Dexter took viewers on an urban safari for Sunday (Oct. 12) night’s episode, fittingly titled "The Lion Sleeps Tonight."
One of the things that Dexter has been pushing more heavily than usual this season is the idea that our hero’s opening monologues can establish a very broad theme and framework for each episode. I know this is something the show has always done in the past, so maybe the past couple weeks have just felt a smidge clumsier than usual? Last week we had Dexter dealing with uncertainty as he fantasized futures for a group of school children. On tonight’s episode, Dexter went grocery shopping and described the supermarket experience as "the modern Serengeti."
Now, of course, the most adventurous amongst us — not me, but others perhaps — know that the modern Serengeti is still the Serengeti and you can take wilderness tours that allow you to run with the antelope, bathe with the elephants and partake in whatever other pursuits will help you tap into your inner Francis Macomber. [If you need to look it up, read the story. It’s a classic.]
I’m not sure the episode had a very profound point to make here, just something about hunters and gatherers, predators and prey and which predators get to be the Alpha Males. I’ll leave it to you to decide whether this is more or less depth and anthropomorphism than you get out of a typical episode of Meerkat Manor. Actually, Meerkat Manor is anthropomorphism and this episode of Dexter used zoomorphism (giving animal characteristics to humans), but then we’re getting into semantics.
In any case, "The Lion Sleeps Tonight" was really all about Dexter asserting his dominant role in his sphere of influence.
How did he do that? In the most obvious way, he protected his pride from another predator. It was a bit one-dimensional, but Dexter’s makeshift family was targeted by a sexual predator and we know that even if Dexter’s Killing Code only makes room for murderers, you don’t dare prey on Dexter.
"In a land of predators, the lion never fears the jackal," Dexter explained, keeping the episode on-message.
In many ways, Dexter has held with the recent Supreme Court ruling that says that no matter how horrible your crime, unless it involves the actual taking of life, you aren’t subject to the death penalty yourself. Perhaps Dexter agrees with Justices Scalia and Thomas that if he wants to off a pedophile, he’s darned well gonna.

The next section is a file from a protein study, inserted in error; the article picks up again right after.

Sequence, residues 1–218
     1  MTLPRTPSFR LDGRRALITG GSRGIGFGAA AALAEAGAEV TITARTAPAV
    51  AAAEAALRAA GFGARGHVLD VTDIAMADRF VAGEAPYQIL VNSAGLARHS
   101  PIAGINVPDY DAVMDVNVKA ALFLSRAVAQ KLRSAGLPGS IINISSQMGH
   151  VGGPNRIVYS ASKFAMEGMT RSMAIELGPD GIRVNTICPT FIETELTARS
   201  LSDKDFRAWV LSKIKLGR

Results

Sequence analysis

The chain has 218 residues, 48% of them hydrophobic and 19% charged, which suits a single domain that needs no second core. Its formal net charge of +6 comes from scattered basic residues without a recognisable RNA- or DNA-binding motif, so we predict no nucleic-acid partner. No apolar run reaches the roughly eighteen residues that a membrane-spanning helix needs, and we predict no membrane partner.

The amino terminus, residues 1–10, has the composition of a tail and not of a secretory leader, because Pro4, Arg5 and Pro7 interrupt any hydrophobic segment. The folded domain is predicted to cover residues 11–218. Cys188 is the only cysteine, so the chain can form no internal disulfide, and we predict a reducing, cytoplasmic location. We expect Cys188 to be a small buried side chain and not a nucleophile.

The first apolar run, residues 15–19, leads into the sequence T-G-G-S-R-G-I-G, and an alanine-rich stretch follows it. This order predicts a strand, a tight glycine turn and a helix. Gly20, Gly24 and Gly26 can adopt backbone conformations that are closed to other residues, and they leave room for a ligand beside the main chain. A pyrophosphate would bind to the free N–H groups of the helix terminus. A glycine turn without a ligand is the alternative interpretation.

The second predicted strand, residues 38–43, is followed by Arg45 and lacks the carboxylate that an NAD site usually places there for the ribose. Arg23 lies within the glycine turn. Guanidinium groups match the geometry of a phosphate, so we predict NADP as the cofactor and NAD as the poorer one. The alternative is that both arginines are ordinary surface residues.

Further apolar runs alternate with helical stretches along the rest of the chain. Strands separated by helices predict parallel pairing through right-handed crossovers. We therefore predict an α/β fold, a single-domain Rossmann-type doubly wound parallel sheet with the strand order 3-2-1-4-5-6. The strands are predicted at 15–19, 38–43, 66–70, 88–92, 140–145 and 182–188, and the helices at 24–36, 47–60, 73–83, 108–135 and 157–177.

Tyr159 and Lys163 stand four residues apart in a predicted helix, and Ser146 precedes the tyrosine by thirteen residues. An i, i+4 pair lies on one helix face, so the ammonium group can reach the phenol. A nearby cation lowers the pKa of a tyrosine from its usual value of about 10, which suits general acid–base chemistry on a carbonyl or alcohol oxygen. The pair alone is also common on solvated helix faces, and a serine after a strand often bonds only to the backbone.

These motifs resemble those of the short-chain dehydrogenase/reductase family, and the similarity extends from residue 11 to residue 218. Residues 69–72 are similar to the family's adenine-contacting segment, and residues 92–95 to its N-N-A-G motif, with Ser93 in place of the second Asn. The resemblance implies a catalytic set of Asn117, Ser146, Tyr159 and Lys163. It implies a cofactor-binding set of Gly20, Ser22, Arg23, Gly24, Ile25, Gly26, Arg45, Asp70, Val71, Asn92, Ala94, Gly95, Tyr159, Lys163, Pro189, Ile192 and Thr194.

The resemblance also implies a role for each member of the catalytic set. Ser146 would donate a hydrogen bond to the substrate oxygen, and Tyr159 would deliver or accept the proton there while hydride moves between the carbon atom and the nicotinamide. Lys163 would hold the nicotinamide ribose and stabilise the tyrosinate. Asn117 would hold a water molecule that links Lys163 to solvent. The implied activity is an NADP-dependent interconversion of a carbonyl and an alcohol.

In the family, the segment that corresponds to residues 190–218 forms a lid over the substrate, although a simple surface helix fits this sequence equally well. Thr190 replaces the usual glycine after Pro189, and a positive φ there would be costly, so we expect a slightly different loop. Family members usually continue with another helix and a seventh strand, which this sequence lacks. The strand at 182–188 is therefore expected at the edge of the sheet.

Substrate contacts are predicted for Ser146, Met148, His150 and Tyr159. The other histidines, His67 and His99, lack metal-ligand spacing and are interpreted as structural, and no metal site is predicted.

"Nobody hurts my children," he declared. Then, as any good provider would do, he also harvested milk from the child predator’s fridge and brought it home to his own cubs. Dexter’s cool like that.
Almost on a week-to-week basis, Dexter seems to go back and forth on whether or not people are capable of change. I guess the fact that he wavers so consistently is actually proof of how intractable human nature is. Every time he sees his own transformative possibilities, he reverts to his nature. That’s why he was speaking from a position of confidence when he told the allegedly reformed predator, "You haven’t changed. It’s impossible. We are who we are."
"My name," as Marlo Stansfield would say, "Is my name."
And yet the episode ended with Dexter deciding to be a stand-up man and be a father to Rita’s baby, a move that would seem to represent a major change, both in his view of the future and in his present situation. Maybe he believed Deb’s insistence that he’ll make a great father — she isn’t exactly working from a position of total knowledge — or he believes his own closing observation, "It’s what any good man would do. After all, it’s a jungle out there."
The Alpha Male posturing wasn’t only on display in the lengths Dexter went to protect his family. Again, the episode found Dexter and his new BFF Miguel talking about parenting, particularly their mutual difficulties living up to the expectations of their own fathers.
"I don’t know what’s more complicated, having a father or being one," Miguel said.
Dexter isn’t a show that wastes much time thinking about whether or not mothering requires much effort. Rita’s choice to have the baby wasn’t presented as anything more than a hormonal hunch, while Dexter gets to have a full-on existential crisis about a process in which he’s already played his most important biological part.
As Miguel says of the women in their life, "They don’t know what it is to be a son. To be a man."
At least in nebulous terms, Miguel understands something that Dexter understands, which is the wait of expectations from a father figure. Over shared rum — not, from what I could tell, Los Duques rum — Miguel spoke of how he disappointed his father and Dexter was finally able to say that his father was disgusted by him. That’s a pretty big step for Dexter, when it comes to opening up, but I like how Miguel rewarded that confidence with the gift of his bloody shirt. Miguel figures they both have something on each other now.
Me, I liked Dexter’s reaction to Miguel’s late night rum visit, "Is it creepy or is it just what friends do?"
That’s a good question. Is that what friends do or is there something creepy about Miguel’s new attachment to Dexter?
For the sake of this episode, it was really just two lions discussing life down at the old watering hole.
Other thoughts on this week’s episode of Dexter:
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